What’s planned for Bath’s Assembly Rooms.

Things are changing at one of Bath’s premier tourist attractions.

The Grade 1 listed Assembly Rooms – designed by John Wood Junior and opened in1769 – are going to be transformed in the years to come.

The Tea Room

The building’s owned by the National Trust and managed by B&NES – whose Fashion Museum is currently housed in the basement.

However, the Trust is calling in their lease to the council to re-imagine the building as a Georgian experience – so that world-famous clothing collection will have to be found a new home.

Tom Boden, General Manager, National Trust’s Bath Portfolio.

I spoke to Tom Boden – who manages the Trust’s Bath Portfolio – and talked about his plans for the place.

September 30th marks the 250th anniversary of the opening of the Assembly Rooms and the Department of History at the University of Liverpool is organising a virtual conference to mark the event on the 29th and 30th of the month.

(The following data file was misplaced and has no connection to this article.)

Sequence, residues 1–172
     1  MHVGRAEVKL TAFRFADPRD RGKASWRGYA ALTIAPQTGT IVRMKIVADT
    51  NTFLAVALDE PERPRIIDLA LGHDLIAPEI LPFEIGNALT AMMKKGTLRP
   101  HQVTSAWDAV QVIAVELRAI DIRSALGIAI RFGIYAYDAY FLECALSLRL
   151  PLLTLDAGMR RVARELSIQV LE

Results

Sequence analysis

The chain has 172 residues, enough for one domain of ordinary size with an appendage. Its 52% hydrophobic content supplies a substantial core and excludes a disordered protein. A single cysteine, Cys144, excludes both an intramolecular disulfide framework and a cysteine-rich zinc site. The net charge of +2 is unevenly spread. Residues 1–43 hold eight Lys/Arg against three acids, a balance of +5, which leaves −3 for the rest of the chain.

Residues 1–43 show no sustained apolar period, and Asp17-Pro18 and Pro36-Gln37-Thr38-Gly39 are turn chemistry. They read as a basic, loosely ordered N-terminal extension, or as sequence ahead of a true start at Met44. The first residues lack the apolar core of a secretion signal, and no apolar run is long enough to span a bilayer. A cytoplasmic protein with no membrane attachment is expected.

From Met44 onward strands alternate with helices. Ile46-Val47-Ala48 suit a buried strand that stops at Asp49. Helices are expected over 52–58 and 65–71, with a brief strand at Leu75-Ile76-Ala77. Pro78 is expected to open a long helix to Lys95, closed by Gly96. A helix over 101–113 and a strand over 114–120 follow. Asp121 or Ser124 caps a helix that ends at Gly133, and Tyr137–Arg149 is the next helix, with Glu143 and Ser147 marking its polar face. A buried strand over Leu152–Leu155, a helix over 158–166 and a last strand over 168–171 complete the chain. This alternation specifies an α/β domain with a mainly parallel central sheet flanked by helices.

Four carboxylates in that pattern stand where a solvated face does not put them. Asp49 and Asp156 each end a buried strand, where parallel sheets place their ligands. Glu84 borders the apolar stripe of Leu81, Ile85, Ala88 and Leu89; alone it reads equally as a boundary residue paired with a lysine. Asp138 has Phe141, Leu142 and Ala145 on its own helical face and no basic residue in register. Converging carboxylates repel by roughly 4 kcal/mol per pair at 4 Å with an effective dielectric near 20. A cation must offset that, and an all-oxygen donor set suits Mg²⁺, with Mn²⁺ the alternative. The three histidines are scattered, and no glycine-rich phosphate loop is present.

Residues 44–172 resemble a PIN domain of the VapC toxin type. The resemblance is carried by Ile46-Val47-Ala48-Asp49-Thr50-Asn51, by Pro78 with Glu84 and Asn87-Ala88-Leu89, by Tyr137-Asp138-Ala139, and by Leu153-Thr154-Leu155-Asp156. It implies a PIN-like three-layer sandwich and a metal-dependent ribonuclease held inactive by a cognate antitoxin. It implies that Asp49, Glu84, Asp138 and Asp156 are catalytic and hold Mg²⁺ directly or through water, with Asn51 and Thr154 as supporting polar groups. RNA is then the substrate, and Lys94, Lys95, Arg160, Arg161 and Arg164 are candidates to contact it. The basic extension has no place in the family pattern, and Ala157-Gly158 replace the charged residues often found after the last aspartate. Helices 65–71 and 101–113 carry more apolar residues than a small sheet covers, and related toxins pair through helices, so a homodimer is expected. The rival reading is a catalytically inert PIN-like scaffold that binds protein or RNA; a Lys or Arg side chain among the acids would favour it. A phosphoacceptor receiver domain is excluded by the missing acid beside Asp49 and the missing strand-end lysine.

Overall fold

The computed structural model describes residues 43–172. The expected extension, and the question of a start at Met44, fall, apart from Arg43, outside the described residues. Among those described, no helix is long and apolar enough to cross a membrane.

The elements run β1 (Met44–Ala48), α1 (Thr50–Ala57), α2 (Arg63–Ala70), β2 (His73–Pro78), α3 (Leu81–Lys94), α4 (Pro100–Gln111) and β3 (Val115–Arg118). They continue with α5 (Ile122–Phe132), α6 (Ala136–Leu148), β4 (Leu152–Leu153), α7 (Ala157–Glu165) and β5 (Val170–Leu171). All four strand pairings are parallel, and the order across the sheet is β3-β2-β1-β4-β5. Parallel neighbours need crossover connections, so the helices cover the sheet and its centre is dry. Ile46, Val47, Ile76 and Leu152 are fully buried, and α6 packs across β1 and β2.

Check out Bath 250 Bath 250- Department of History – University of Liverpool for further details.

There are still tickets for an evening public lecture and dance display at the Assembly Rooms on Wednesday the 29th. Details are available on the website.

1 Comment

  1. I like it fine well as it is, but I suppose it does cry out for more. maybe some volunteers dressed appropriately, who involve visitors by telling them bits of history but couched as gossip?
    It seems a shame to shift the museum, which I failed to cover being unable to manage the stairs down. I’d love to see more of the rooms though. perhaps selling coffee and tea in the coffee room would be good?
    could some costumes be on loan from the costume museum with adverting each other, for dressed models, arranged in static display to accompany recorded material? How about building a replica of one of the two sedan chairs, and having a paid trip around the circle in one? that would be a wonderful experieince. Perhaps a projected trip round the countryside with the sound of horses’ hoofs, seated in a ‘curricle’ which operates much like children’s rides in supermarkets, or fairground rides. lessons in how to hold the ribbons and ply the whip even, perhaps?

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